The process of setting goals sounds like a relatively simple task. Find out what the aims of your organisation are, think about how you can contribute to these aims and write down your personal goals, making sure they can be measured and there is a set completion deadline. What could go wrong?
Well, as it turns out, quite a lot. There are plenty of examples of when this process has ended in disaster. One of the most extreme cases is the Ford Pinto. Employees were set the seemingly simple goal of “building a car that weighs under 2,000 pounds, costs less than $2,000 by 1970.” What this goal failed to stipulate is that the car should be roadworthy. In order to meet the deadline, corners were cut, safety tests were overlooked and the car was designed with the petrol tank in a dangerous position. If the car was involved in a rear-end collision, the tank was likely to be hit and go up in flames. This led to numerous fires causing dozens of deaths and life-changing injuries before the Pinto was eventually withdrawn.
While this may be an extreme example and most poor objectives won’t lead to such fatal results, it does show how important it is to take time and care over this process. What can at first glance seem like reasonable objectives, with a little more scrutiny can be revealed to be flawed, doing more harm than good.
If my objectives are SMART, that’s enough, right?
Well, it’s not quite that simple. Making objectives SMART is certainly essential, but that alone shouldn’t be the end of the process. As a reminder, SMART stands for:
- Specific – related to a particular person or team, and to a concrete task.
- Measurable – include a figure to act as a benchmark which success can be judged against.
- Achievable – be realistic and appropriately stretching given the business context.
- Relevant – related to the current focus of the department or business, and the external environment.
- Timed – have a timescale for when it should be achieved, such as within three months.
If we go back to the Ford example, what went wrong? What started out as a laudable goal failed catastrophically as it was too narrowly focused on achieving the goal at all costs, without input from important voices from across the business, such as health and safety. It cleared wasn’t reviewed and reassessed at any time. All eyes were on hitting the deadline, rather than making sure the car was not only built, but safe to drive. An affordable, lightweight, safe car could have been produced if the objective had been adjusted to allow the necessary checks to be completed.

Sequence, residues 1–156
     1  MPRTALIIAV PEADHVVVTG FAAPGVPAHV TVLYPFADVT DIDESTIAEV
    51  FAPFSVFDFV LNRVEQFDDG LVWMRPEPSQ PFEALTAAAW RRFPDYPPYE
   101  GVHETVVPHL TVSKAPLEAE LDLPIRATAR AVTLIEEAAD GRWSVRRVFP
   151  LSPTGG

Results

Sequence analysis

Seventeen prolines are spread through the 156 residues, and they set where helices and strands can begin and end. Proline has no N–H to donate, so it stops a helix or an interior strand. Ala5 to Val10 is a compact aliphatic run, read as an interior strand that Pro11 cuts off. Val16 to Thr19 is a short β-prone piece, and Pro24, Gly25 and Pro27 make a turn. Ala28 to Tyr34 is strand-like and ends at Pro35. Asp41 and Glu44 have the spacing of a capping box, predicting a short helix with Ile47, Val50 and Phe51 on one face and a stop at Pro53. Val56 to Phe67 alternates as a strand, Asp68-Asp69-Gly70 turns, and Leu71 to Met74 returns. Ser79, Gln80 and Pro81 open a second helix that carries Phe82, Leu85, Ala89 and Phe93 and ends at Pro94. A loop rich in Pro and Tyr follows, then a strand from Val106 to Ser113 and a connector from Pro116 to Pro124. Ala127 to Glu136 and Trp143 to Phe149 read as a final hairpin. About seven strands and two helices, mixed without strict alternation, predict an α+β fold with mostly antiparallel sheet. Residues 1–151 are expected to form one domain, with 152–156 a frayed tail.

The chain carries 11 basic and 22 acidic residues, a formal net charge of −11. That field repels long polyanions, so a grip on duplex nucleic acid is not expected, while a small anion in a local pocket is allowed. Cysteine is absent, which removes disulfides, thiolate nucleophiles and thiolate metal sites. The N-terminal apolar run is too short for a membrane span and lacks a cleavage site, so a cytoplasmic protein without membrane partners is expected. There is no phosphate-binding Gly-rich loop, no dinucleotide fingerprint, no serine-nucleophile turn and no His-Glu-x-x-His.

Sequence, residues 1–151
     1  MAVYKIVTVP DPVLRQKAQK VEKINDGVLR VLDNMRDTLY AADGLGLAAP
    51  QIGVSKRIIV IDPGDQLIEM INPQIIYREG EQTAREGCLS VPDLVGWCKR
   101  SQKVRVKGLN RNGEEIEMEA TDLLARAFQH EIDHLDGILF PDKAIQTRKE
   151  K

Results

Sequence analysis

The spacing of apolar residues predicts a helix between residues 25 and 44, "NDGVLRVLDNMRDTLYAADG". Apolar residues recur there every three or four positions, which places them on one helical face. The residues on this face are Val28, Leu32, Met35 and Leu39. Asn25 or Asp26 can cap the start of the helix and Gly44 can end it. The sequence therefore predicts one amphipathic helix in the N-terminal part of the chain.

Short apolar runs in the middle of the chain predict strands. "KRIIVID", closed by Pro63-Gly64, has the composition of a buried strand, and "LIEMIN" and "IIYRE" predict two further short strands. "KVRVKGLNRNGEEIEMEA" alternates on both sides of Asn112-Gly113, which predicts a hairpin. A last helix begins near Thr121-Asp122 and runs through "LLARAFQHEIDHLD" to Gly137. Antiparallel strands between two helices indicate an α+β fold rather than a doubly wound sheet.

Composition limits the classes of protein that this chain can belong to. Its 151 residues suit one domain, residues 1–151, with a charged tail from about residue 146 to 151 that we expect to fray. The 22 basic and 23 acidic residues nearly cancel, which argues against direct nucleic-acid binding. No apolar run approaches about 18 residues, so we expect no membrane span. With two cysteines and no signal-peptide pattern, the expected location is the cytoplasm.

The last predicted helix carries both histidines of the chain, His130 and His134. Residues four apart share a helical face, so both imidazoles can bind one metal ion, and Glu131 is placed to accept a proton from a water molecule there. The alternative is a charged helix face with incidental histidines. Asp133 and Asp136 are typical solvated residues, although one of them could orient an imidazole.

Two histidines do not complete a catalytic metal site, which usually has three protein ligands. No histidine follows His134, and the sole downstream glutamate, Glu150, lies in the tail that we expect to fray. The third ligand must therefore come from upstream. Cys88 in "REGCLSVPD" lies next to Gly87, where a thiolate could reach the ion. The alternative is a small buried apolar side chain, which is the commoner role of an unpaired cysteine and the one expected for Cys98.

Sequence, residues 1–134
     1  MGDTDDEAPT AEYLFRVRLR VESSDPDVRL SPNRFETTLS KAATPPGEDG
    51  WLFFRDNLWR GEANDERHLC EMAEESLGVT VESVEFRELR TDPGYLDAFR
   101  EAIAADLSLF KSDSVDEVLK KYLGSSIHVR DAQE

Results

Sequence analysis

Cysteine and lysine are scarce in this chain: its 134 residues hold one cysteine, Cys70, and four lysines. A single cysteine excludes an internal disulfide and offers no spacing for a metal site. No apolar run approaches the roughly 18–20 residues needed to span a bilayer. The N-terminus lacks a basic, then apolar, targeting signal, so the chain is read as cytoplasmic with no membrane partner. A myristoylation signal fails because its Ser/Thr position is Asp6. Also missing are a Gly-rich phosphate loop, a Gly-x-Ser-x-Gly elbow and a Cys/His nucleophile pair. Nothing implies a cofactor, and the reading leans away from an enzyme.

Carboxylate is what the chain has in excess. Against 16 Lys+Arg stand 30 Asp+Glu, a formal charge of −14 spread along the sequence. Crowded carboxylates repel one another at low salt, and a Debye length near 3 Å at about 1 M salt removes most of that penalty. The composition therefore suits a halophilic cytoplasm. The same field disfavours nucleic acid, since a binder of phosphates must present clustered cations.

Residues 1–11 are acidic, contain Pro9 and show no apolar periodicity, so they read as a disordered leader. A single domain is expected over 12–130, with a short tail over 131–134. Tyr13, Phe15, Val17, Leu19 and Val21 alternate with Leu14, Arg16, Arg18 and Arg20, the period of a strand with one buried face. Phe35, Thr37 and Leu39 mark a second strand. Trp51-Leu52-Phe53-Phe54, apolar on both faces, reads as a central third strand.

The goal was concentrated solely on the company's needs, forgetting those of the customer. When setting performance objectives, it’s vital to consider the whole picture and everyone who might be affected.
Who should be involved in creating performance objectives?
Effective objective setting should be a collaborative process, involving the manager and their employees. It is important that there is a joint understanding of what really matters to make sure everyone is on the same page. It should also be clear that these can be adjusted if priorities change for any reason or if it becomes obvious that the objective is unrealistic.
Creating objectives in a vacuum can be dangerous. Thinking about the wider business, other departments and stakeholders, like customers or investors, grounds them in reality and helps to prevent serious disasters.
The right objectives can help employees fly, driving them on to achieve bigger and better things. If they believe in what they are doing and can see the impact of their efforts, they’ll have the desire to get the job done. Setting poor objectives, rooted in fantasy and misconceptions can have the exact opposite effect.
Getting performance objective setting discussions right
To help managers avoid the potential pitfalls and set their employees on the right track, we’ve produced two handy guides.
The first, How to…. prepare good objectives and hold an effective objective-setting discussion sets out what managers should do to prepare for objective setting discussions to make them as productive and successful as possible.
The second, How to…. set good objectives (top ten do’s and don’ts) helps both managers and employees think about what they should include in their performance objectives, and importantly, what they should avoid doing.
Our Customer Success team has worked with hundreds of customers to help them set effective performance objectives. If you need more support in setting better objectives that focus and motivate your employees, get in touch.